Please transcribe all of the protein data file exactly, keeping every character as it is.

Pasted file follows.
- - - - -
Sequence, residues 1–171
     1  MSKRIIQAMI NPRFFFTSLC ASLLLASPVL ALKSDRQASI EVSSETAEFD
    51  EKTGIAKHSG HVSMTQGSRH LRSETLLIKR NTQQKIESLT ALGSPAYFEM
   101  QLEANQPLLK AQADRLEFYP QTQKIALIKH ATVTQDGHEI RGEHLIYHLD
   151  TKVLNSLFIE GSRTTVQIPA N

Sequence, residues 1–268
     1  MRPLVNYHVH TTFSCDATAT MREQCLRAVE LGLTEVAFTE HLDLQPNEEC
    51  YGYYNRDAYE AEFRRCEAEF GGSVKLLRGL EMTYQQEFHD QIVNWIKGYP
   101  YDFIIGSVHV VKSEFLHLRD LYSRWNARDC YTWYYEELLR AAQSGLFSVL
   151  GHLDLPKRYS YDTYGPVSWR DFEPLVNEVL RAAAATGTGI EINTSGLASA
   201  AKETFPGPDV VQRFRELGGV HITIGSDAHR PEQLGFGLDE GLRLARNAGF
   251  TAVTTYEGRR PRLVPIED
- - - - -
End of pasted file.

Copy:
Sequence, residues 1–171
     1  MSKRIIQAMI NPRFFFTSLC ASLLLASPVL ALKSDRQASI EVSSETAEFD
    51  EKTGIAKHSG HVSMTQGSRH LRSETLLIKR NTQQKIESLT ALGSPAYFEM
   101  QLEANQPLLK AQADRLEFYP QTQKIALIKH ATVTQDGHEI RGEHLIYHLD
   151  TKVLNSLFIE GSRTTVQIPA N

Sequence, residues 1–268
     1  MRPLVNYHVH TTFSCDATAT MREQCLRAVE LGLTEVAFTE HLDLQPNEEC
    51  YGYYNRDAYE AEFRRCEAEF GGSVKLLRGL EMTYQQEFHD QIVNWIKGYP
   101  YDFIIGSVHV VKSEFLHLRD LYSRWNARDC YTWYYEELLR AAQSGLFSVL
   151  GHLDLPKRYS YDTYGPVSWR DFEPLVNEVL RAAAATGTGI EINTSGLASA
   201  AKETFPGPDV VQRFRELGGV HITIGSDAHR PEQLGFGLDE GLRLARNAGF
   251  TAVTTYEGRR PRLVPIED